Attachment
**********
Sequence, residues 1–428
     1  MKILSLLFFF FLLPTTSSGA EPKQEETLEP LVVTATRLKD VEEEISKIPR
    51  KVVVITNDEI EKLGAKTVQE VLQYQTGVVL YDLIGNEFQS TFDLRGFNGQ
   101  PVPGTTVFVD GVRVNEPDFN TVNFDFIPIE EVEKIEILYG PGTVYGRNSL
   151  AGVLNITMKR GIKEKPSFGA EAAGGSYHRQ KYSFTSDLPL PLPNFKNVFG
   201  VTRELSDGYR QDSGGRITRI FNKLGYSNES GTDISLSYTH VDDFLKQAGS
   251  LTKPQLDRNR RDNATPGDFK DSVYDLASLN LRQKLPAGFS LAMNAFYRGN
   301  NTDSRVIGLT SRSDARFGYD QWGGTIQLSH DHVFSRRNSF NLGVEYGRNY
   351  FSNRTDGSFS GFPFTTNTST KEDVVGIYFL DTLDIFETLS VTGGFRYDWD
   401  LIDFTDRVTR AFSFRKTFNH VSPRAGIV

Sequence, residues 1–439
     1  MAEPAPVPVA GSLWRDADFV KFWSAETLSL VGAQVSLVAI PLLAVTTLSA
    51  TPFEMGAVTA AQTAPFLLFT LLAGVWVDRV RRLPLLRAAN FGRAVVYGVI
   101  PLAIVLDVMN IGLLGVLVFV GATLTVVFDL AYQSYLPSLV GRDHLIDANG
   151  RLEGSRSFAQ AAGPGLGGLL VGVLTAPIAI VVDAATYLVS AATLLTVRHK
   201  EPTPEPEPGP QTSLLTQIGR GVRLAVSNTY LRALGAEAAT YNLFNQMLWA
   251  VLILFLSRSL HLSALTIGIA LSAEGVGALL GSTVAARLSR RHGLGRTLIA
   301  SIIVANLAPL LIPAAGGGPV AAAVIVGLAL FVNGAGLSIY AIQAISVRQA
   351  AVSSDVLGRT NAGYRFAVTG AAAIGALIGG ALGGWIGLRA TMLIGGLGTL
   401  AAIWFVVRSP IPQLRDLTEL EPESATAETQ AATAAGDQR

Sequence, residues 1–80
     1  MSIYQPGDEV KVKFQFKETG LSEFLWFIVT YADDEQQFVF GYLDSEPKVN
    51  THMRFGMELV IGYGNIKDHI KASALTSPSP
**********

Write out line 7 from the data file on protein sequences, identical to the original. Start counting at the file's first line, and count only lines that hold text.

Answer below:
   251  LTKPQLDRNR RDNATPGDFK DSVYDLASLN LRQKLPAGFS LAMNAFYRGN